The Books Interview: Barry Unsworth - Grey skies and blue seas

High ideals and happy toil led Barry Unsworth from a Durham pit village to Umbria's hills. By Charles Nicholl

It is now seven years since Barry Unsworth's Booker-winning novel, Sacred Hunger. It was a big book in every sense, epic in scope, powerfully written, and addressing its central theme - the English slave-trade of the 18th century - with an unflinching eye. Since then he has written two much shorter books, almost vignettes by comparison: Morality Play, about a troupe of strolling actors in 14th-century England; and After Hannibal, a deft comedy of manners based on his own experiences setting up house in Italy. He still lives in this house, and it was there that I met him last week to talk about his latest novel, Losing Nelson (Hamish Hamilton, pounds 15.99).

It was a grey, drizzly day uncharacteristic of Umbria in July - tempo inglese, as the Italians call it. Nearing his village, one skirts the southern shores of Lake Trasimeno. The waters of the lake were dark and sombre. When I mentioned this to him, he nodded as if in recognition of an old friend's moodiness. "Ah yes," he said. "Slatey."

He was waiting for me outside the village post-office; a slim figure in jeans and polo shirt, climbing out of an ageing Fiat Uno, hunched for a moment in the drizzle. He has a trimmed white beard, longish grey hair and tinted glasses. He will be 70 next year, but could easily be ten years younger. His healthy outdoors look befits a man with five acres of Umbrian hillside to tend. And his soft Tees-side accent and considered manner of speech give him a slight air of the schoolmaster, which long ago he was: a good-humoured and genuinely interesting schoolmaster, but one you would do well not to cross.

The house is secluded, pink-washed, with curly tiles and wooden shutters. The view from the terrace is (the weather aside) exactly as described in After Hannibal: "the curve of the road, the ancient olives, the stiff green shoots of the half-grown maize - then the beautiful dipping line of the hills, half melted in the pale blue haze of morning, with the walls and towers of little towns nestling there among them."

He lives here with his second wife, Aira, a Finnish translator. The new book is dedicated to her, as was the previous one. They are a team: he writes in longhand, several drafts, then dictates the final draft to Aira, who types it up on the word-processor. "She's my first reader," he says warmly.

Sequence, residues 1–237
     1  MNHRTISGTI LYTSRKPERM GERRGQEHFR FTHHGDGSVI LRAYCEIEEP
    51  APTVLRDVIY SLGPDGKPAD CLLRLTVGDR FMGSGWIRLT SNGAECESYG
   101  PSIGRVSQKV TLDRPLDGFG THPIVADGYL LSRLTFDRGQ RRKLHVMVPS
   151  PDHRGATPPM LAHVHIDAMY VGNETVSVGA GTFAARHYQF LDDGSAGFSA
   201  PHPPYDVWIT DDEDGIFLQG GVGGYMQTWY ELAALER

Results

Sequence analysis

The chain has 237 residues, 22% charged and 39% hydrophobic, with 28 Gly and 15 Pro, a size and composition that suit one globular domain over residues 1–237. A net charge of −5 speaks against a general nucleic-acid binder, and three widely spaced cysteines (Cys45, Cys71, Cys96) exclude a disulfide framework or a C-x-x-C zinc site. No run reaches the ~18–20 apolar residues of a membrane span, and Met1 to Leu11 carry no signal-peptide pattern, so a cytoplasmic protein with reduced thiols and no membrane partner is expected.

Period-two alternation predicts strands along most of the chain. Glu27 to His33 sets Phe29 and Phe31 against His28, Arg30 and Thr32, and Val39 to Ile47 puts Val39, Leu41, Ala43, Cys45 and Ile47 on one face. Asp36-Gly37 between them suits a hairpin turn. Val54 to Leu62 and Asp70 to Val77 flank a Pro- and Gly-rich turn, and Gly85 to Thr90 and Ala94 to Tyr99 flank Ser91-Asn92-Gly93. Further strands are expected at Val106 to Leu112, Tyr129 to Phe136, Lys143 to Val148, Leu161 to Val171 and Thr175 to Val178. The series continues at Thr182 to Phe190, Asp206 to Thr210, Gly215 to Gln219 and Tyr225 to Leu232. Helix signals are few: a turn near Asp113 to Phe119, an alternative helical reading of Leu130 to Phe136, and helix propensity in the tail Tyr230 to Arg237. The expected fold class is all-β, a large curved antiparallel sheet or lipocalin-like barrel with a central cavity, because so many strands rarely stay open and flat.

A fluent Italian speaker, she is also in some measure his protector. There have been troubles with hunters coming on the land, exercising their considerable rights. Aira confronted the worst offender. "I once translated a book by Pasolini," she says. "Otherwise I would not have understood all the bad names he called me."

In Losing Nelson, Unsworth returns to the historical terrain he made his own in Sacred Hunger - the world of 18th-century seafaring - but he does so with a difference. The book began with a suggestion from his publisher that he should write a biography of Nelson. The project soon foundered. "I'm not a biographer, I'm a novelist. There is also the problem of research here in rural Umbria. And Nelson is exhaustively documented: every sneeze, every breath."

The book became instead a novel which is, in turn, an oblique and somewhat dark meditation on the problems and paradoxes of writing a biography. It is partly about Nelson, and particularly about Nelson in Naples in 1799, when he first met Emma Hamilton. But these fragments of "genuine" historical narrative are part of another, fictional narrative about a man trying to write a biography of Nelson, a man who will also be drawn by stages to "the poisonous flowertrap of Naples".

This structure acts as a kind of shifting prism through which Nelson is viewed, becoming contrary to the general aspirations of biography - ever more elusive in the process. Had Unsworth been a different type of writer the book might have been called "Deconstructing Nelson". "In my generation," he says, "history was taught in terms of grand figures, men on whom the destiny of the nation hinged, quintessential heroes. Nelson is obviously such a figure, a hero, but now we're not so sure what being a hero means."

Unsworth's fictional biographer is a sickly, reclusive, subterranean figure named Charles Cleasby. He is a kind of Nelson-nerd: a collector of curios and mementos of his hero; a stalwart of the Nelson Society; a re-enactor of battles using model ships on a converted billiard-table at home in Belsize Park. With great skill, Unsworth develops a vein of ironic comment on the dangerous obsessions and hidden psychological agendas of the biographer.